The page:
And by “squashed”, it means that a path that might actually be right for a large firm might be a very wrong path for a mid-size firm, or a boutique. Moreover, even if you’re a conservative type who is looking for a conservative approach – sometimes the “safe” call isn’t the one you might think.
Consider a specific NFL example from September 15. The Carolina Panthers were 3 points ahead of the Buffalo Bills with under 2 minutes to go in the game, and the Bills have no timeouts remaining. The Panthers had the ball deep in Buffalo territory, and it was 4th-and-1. 2 basic options were at this Dinosaur Crossing:
1. Attempt a short FG, go up by 6 (instead of 3) if successful.
2. Go for the first down, attempt to gain 1 yard.
The “safe” option is …? Old-school football thinking – the dinosaur parade – would say #1, and that’s exactly what the Panthers did. Result: Bills get the ball, score a TD, kick the XP, win the game. (For fans of football analytics, a similar but not identical fact pattern occurred at the end of the Tampa Bay/New Orleans game, with Coach Schiano choosing to following the Dinosaur Parade – and also losing.)
What was the optimal call for the Panthers? We analytics folk will argue, based on probability tables (read: key metrics), that under those precise conditions, the optimal choice is to go for the first down. Why? Success would mean instant victory (running the clock out), and failure had the likely outcome of putting the Bills in a position where they would need to conduct a long drive to, most likely, either lose or tie the game with a FG – still allowing the Panthers a chance to win. Yes, a winning Buffalo TD would’ve been possible in a Panthers failed “go-for-it” attempt as well, but a TD would not have been required for Buffalo to stay alive – a FG attempt would’ve been a viable fallback. Instead, the Panthers took a FG, conceivably gave up field position (by having to kick off to Buffalo), and forced Buffalo into a situation where their only viable option was to go for a winning TD (with the extra point).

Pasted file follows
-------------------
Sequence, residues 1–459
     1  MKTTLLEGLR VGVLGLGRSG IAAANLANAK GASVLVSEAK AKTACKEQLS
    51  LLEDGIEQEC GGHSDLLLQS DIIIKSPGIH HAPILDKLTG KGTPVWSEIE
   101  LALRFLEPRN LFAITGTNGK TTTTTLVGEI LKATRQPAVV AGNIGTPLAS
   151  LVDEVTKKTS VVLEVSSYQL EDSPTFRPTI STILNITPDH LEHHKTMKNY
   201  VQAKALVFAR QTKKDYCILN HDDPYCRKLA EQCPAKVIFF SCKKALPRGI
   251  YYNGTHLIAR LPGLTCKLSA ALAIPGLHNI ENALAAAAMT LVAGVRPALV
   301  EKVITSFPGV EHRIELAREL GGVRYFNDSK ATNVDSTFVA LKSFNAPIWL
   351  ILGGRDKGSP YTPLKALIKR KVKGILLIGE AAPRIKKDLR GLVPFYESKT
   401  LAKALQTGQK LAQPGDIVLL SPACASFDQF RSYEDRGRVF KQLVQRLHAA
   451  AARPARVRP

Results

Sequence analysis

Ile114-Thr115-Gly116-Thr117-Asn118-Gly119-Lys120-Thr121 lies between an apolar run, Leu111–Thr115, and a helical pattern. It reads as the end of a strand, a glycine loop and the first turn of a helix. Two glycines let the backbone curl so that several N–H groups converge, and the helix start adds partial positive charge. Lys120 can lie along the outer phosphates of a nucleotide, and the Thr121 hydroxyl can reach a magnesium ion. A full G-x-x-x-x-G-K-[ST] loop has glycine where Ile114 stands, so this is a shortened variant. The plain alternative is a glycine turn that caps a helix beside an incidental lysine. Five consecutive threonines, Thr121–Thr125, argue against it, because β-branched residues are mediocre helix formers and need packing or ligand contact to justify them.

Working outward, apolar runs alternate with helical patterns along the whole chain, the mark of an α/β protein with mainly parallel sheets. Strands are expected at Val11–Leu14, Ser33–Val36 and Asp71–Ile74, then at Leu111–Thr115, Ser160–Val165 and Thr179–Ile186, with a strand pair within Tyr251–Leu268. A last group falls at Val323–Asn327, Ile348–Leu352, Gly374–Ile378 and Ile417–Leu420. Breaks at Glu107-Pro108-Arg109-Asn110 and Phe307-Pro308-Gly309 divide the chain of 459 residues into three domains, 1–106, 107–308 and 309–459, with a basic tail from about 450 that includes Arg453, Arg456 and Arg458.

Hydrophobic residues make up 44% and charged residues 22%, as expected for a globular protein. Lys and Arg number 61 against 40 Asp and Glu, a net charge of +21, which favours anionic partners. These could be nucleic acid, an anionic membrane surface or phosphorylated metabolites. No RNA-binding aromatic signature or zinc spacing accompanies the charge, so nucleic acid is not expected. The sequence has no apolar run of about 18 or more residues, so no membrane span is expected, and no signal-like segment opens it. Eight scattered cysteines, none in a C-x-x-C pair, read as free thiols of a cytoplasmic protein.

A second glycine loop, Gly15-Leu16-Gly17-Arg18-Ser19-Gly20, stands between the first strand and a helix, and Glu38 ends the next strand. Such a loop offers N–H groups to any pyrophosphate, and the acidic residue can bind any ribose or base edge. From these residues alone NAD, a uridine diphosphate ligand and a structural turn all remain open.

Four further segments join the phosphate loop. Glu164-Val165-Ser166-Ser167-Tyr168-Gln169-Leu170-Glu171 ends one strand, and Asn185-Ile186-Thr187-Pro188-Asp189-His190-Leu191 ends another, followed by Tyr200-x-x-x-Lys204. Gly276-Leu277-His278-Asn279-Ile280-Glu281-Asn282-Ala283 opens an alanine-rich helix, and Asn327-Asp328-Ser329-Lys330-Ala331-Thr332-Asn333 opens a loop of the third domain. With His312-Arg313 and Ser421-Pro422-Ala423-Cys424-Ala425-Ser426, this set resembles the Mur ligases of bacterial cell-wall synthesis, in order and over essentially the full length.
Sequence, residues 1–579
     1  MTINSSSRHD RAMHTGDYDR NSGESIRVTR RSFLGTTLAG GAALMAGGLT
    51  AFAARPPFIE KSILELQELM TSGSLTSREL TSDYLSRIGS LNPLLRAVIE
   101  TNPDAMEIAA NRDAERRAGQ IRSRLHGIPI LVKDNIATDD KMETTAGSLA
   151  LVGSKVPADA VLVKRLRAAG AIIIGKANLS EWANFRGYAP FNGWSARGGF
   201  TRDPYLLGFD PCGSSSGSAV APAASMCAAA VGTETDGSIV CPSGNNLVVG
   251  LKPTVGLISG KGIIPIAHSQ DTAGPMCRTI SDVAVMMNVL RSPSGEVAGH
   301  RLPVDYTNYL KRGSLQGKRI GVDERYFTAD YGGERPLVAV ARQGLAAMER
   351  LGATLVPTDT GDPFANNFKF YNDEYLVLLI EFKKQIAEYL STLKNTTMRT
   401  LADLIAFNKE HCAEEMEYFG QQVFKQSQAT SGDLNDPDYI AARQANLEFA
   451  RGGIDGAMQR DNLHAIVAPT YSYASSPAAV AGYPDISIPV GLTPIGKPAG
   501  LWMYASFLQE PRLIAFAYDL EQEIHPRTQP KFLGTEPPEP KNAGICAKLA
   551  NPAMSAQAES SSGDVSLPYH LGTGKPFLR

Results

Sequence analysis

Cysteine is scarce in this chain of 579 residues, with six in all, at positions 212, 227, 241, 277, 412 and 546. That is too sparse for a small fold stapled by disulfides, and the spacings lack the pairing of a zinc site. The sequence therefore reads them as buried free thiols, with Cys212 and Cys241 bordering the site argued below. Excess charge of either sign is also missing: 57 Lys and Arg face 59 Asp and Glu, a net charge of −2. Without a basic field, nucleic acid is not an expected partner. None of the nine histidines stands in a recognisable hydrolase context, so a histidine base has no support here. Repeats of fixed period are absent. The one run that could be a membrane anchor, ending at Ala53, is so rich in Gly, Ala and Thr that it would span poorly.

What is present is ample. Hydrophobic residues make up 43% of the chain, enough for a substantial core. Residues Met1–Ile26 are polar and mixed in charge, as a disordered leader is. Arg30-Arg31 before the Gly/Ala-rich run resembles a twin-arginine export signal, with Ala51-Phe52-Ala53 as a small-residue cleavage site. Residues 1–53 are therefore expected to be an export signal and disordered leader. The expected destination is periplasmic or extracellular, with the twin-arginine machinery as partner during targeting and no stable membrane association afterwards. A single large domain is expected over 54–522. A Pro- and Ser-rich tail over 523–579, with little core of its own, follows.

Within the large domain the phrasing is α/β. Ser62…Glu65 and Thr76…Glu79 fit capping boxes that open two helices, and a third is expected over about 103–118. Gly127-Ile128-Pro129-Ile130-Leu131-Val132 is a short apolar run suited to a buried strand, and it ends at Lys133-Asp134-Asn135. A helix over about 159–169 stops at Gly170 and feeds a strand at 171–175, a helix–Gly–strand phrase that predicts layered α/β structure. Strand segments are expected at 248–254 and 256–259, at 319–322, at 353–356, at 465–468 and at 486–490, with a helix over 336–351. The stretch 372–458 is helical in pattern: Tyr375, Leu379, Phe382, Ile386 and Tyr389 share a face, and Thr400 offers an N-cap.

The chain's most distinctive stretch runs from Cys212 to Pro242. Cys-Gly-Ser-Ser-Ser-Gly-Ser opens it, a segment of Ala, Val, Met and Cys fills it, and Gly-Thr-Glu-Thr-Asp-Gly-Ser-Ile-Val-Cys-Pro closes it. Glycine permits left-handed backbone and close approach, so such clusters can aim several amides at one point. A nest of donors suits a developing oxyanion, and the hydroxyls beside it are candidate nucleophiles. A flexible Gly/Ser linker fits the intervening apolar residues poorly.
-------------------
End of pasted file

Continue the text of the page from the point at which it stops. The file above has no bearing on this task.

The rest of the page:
Under either #1 or #2, the analytics show that the Panthers were still very likely to win the game. A Bills victory was unlikely either way, but the analytics might’ve lead a truly risk-averse Panthers team to a different decision.
It’s the same for many of your own business decisions, particularly involving your firm’s marketing. The best decision to reach your particular goal, whatever that may be, is often hiding behind the data. Optimal decisions are not always self-evident, they’re certainly not always consistent with “what’s always been done”, and they’re frequently counter-intuitive.